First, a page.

We have lots of bee disease in Australia and one that is becoming quite common is AFB. Having had to kill hives because of AFB we are really aware of it, and in our beekeeping operation of only 100 hives or so, are able to run very good isolation of hive material.
AFB is a spore-based bacteria. The spores can live for 30 or more years and are very difficult to kill, which means that if you detect an infected hive, the only way to guarantee the AFB is gone is to kill the bees and then burn the hive and hive material or gamma irradiate it.
The spores are easily spread from hive to hive if you feed honey back to your bees (illegal in Australia) or put stickies back on a hive that came from a different one, so a barrier system that isolates hive material to a single hive is the best way to keep it out of your hives. With barrier control, if you’re unlucky enough to have a hive that is affected at least the spores will not have been spread to other hives.
When you inspect for AFB it’s important to shake the bees off each brood frame and carefully check for sunken cells. There’s a helpful resource here: http://www.afb.org.nz/
We do this every six months; it shouldn’t be necessary to do it any more often than that.
The good news is so far no disease and a great variability of our hives in relation to swarming. We have found that many hives in the CBD are pretty much drone free which is a pretty good indicator of swarm preparedness, in contrast to the hives in Bondi which were packed with drones.
Over at The Urban Beehive we’ve been busy getting our new honey-packing facility ready – and we’ve been building a shop.
We aim to provide beekeeping equipment for all styles of beekeeping so will have Warre hives and honey presses for sale along with Langstroth gear and more. We are aiming to stock as much Australian-made gear as is practical.
If you register at http://www.theurbanbeehive.com.au we’ll let you know when the shop is open.
I was lucky enough to be invited to be a panelist at the recent Byron Bay Writers Festival. This four-day event is an amazing gathering of 100 or so authors who speak on panels covering all sorts topics: from politics to fantasy. Inside seven white marquees there were conversations, panels, readings, lectures and book launches all running concurrently.
It was a truly inspiring event and one that I’d like to make a regular part of my diary.
So I started The Beevangelist blog a few years ago, which I’ve now updated to the version you’re reading now. I’ve uploaded a lot of old posts from my original blog into this one.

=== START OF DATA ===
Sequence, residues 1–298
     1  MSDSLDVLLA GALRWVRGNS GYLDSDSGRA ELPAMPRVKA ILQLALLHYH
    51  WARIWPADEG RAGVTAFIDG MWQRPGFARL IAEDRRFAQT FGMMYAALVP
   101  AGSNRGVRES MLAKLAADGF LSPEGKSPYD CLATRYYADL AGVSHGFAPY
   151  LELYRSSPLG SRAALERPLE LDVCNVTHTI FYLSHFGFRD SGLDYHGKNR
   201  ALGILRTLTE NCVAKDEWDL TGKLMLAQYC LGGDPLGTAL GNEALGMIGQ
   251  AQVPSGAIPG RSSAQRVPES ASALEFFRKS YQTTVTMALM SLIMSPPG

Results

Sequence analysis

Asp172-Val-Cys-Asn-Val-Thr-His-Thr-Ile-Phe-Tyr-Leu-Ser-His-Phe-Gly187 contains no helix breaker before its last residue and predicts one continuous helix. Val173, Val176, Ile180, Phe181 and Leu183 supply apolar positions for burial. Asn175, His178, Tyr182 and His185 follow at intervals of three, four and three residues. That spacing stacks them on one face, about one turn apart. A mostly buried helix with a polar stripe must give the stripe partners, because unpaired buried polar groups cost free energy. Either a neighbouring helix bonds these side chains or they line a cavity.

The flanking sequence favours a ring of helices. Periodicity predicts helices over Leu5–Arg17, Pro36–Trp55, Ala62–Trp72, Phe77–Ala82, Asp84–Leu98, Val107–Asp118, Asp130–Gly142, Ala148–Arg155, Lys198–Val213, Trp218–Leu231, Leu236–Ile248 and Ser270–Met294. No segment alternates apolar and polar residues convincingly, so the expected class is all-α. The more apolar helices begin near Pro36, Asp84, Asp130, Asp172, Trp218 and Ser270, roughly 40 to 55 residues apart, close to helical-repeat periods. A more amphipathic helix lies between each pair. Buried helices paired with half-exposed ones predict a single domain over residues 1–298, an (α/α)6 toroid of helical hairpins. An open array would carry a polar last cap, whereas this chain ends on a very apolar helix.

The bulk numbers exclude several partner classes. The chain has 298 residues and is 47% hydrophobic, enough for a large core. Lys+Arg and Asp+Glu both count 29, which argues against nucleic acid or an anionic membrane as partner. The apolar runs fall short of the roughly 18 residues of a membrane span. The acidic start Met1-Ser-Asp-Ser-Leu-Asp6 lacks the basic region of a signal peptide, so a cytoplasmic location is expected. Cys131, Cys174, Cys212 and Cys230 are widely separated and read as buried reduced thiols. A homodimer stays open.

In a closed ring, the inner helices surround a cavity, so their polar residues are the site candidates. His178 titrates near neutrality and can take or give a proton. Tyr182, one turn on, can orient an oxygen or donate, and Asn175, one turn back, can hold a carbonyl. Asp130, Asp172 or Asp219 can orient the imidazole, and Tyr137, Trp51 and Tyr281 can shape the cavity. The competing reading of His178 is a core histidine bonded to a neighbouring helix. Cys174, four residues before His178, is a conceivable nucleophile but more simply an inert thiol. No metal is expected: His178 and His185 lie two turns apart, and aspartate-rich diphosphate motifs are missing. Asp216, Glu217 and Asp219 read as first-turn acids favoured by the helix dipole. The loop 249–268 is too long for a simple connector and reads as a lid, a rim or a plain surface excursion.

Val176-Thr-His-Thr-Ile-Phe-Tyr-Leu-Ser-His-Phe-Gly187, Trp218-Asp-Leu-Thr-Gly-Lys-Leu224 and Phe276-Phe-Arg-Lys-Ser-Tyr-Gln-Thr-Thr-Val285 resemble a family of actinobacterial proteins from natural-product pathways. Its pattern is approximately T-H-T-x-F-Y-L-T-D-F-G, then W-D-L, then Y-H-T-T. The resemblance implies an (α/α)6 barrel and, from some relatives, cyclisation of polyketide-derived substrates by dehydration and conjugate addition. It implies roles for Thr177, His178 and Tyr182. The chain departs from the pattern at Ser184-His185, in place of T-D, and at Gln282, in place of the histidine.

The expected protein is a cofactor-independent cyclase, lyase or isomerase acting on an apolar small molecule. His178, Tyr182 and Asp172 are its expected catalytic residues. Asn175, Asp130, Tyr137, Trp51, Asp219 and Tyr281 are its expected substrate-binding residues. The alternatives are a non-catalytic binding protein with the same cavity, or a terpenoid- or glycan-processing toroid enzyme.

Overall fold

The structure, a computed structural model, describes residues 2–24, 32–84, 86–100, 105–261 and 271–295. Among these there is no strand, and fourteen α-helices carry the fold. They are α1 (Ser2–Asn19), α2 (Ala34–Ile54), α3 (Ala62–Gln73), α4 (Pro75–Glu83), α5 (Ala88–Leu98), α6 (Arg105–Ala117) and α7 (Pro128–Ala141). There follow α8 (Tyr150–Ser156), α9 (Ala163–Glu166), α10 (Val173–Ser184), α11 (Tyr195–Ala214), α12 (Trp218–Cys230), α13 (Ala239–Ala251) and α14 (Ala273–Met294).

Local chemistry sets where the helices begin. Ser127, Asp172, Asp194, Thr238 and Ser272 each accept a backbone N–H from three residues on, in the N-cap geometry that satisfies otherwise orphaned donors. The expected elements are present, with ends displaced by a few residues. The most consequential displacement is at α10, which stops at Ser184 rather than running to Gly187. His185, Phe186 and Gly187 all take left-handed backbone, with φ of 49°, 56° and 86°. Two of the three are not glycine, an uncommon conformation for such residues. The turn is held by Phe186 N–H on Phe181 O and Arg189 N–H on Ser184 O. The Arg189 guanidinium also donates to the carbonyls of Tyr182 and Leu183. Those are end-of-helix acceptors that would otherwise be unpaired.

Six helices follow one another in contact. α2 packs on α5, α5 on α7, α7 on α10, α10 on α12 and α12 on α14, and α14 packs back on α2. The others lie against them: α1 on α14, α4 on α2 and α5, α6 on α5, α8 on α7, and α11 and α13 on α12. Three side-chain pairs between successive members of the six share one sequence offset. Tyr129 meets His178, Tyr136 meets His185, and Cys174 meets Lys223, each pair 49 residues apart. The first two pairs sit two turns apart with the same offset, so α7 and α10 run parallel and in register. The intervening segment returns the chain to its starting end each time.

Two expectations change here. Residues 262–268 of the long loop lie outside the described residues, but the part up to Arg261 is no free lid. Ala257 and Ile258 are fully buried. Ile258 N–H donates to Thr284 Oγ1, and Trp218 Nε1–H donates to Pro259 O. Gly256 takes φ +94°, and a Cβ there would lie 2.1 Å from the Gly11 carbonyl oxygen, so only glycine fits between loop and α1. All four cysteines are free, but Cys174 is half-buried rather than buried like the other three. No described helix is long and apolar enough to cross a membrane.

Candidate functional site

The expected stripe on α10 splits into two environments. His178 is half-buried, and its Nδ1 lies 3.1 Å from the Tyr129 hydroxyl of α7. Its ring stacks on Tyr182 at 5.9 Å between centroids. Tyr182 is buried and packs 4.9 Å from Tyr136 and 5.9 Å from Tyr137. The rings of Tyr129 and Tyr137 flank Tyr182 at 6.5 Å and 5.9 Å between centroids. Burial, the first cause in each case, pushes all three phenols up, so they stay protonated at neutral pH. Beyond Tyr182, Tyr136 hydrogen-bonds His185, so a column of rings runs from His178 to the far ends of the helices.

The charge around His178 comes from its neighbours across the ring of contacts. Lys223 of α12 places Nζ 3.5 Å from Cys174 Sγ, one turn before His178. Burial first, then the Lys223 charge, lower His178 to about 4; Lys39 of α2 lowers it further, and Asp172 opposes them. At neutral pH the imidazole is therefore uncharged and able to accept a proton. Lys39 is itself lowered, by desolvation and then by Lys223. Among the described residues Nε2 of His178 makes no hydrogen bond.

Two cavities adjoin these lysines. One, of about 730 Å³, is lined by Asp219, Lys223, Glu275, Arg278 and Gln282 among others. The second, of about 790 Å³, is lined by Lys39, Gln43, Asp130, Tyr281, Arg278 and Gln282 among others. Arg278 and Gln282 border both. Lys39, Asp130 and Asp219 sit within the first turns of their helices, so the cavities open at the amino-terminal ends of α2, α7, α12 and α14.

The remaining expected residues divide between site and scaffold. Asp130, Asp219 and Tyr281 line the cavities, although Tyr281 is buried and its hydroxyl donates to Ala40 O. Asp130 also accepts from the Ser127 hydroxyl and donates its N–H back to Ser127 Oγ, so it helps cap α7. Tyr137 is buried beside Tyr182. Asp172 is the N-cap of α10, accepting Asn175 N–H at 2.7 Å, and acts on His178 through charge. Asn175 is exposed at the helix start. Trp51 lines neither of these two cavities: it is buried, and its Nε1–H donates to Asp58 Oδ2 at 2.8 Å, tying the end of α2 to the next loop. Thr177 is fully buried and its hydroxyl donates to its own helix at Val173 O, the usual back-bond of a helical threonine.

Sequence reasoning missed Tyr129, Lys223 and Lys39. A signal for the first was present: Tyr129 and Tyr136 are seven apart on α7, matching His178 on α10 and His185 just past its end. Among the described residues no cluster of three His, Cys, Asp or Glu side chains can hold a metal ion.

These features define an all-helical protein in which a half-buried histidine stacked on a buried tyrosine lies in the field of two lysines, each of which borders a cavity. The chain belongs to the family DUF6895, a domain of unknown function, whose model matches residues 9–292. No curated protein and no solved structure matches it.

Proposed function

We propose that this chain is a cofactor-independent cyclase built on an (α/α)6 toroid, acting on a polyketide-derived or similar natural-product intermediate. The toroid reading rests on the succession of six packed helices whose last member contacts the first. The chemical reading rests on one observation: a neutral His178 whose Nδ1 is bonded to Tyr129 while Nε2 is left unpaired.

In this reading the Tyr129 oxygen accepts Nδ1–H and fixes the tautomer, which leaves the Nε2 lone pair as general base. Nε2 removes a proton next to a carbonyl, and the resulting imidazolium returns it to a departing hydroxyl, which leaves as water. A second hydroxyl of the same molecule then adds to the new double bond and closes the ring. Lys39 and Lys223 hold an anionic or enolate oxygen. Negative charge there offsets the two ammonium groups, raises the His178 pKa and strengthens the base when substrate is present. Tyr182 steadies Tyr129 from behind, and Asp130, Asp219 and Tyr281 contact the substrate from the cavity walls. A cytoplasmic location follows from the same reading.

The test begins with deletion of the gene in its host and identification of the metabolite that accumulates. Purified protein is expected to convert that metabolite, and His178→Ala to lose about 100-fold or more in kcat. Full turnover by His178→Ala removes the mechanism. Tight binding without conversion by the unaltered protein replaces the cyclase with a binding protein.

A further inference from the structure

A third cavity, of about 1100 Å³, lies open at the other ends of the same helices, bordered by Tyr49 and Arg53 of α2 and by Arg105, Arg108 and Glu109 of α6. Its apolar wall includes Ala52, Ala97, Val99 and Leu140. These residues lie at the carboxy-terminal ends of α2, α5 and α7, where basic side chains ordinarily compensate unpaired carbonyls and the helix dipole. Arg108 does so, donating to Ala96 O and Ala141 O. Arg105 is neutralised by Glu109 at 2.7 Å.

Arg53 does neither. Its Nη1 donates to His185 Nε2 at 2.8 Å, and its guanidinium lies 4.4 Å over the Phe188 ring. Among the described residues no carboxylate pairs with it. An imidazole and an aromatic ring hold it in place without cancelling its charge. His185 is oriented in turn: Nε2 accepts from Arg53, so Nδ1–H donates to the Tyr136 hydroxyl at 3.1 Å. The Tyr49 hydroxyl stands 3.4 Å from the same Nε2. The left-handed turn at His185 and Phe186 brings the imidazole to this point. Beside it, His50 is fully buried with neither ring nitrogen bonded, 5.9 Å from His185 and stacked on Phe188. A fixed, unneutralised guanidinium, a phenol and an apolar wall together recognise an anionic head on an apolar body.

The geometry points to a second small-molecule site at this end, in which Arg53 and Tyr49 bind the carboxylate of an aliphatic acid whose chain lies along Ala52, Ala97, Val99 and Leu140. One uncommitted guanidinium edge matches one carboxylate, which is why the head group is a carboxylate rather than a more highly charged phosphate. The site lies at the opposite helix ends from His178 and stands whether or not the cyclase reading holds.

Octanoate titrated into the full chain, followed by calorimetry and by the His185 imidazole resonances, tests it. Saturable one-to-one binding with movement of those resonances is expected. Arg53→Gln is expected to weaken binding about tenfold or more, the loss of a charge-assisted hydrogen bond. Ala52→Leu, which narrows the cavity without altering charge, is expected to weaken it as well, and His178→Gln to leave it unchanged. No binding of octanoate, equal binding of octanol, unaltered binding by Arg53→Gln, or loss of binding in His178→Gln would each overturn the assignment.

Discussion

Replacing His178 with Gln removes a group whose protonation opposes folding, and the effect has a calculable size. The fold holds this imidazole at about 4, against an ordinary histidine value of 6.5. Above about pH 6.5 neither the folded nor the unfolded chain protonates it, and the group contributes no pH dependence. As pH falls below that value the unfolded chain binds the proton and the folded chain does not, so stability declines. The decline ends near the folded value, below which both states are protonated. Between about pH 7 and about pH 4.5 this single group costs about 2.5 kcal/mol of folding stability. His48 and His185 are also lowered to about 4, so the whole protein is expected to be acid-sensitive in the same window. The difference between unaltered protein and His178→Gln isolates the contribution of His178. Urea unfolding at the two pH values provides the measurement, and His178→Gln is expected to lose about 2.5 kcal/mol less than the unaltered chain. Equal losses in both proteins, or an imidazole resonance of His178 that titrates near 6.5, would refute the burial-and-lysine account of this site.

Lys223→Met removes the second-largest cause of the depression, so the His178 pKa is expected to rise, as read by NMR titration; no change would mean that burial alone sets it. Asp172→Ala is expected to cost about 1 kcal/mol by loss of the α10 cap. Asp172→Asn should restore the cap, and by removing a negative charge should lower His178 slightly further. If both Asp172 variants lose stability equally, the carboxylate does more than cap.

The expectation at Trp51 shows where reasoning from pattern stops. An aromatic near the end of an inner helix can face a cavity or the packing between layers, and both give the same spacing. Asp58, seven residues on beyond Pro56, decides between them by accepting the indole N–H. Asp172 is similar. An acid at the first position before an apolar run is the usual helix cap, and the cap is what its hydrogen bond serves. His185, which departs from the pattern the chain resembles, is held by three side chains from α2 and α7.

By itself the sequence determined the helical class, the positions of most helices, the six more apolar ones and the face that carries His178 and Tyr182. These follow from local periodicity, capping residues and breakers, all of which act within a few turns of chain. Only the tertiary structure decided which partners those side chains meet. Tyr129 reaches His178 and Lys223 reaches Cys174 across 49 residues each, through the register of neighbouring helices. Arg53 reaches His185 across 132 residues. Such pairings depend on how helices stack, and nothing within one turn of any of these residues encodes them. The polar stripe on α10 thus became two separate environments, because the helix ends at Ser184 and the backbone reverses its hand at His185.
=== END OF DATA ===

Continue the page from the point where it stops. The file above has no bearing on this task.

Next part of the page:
It’s a timeline of my discovery of beekeeping, documenting lots of the fun and stings I’ve had along the way.
Well the days are getting shorter, the daytime temp is starting to drop and the girls are much less active so it looks like our very long season this year is coming to a close.
It’s been a huge year of growth with some major new sites including The Botanic Gardens and Centennial Park apiaries to name a few. It looks like Sydney is finally getting the idea of saving bees – today there is much less complaining about bees and more support.
We have had a very mixed season with stop-start honey flows, very cranky bees, long hot days (even during winter) and everything flowering out of sequence. Despite that we’ve had a reasonable harvest this year (although my country colleagues have had very poor honey flows and have been resorting to feeding the bees during summer).
I have had a very busy year. In 2013 I was approached to write a book on backyard beekeeping and that has taken a huge amount of time but was a very interesting process and hopefully a big help to lots of budding beekeepers out there. So keep an eye out for Backyard Bees by Murdoch Books, released 1st August.
Time for me to brew a cup of tea and put my beekeeping feet up for a few months’ rest.
A few weeks ago during a bee course we noticed a hive that appeared to be preparing to supercede their queen. Supercedure is where the hive decides the current queen is failing and gets ready to replace her with a brand new one. Usually a swarm is not produced.
The hive was apparently healthy, we could see no evidence of the queen failing and there was a good brood pattern. All seemed just fine to my eye so it was decided to re-queen the hive once the supercedure had happened.
The new queen arrived in the post, the hive was opened and the queen search began. There was evidence of a few queen cells that had been torn down and the supercedure cell was hatched… but hang on… the queen was marked so she must have been the old queen. A good laying pattern could be seen with lots of eggs but not a lot of capped brood. On a hunch the search continued and sure enough a second queen was located. She was a bit small and either a virgin or just mated. Both queens were dispatched and the new queen introduced in a cage.
So it is possible to have a hive with two queens. Who knows how long this would have continued before the old one was killed by the hive or the new queen… those bees really are tricky.
I’ve been a bit quiet on the blog over the last few months with a crazy season here in Sydney and a few projects taking up all of my spare time. But I am back and will hopefully be posting more often about what’s been happening.
We had a weird beginning to the season here with a very warm winter followed by not a lot of rain meaning that the expected swarms did not appear and in fact the honey flow was very slow. Some parts of the state are actually feeding their bees to keep them alive.
We then had solid rain that has brought on the flow and we now have solid honey flows in most of our apiaries.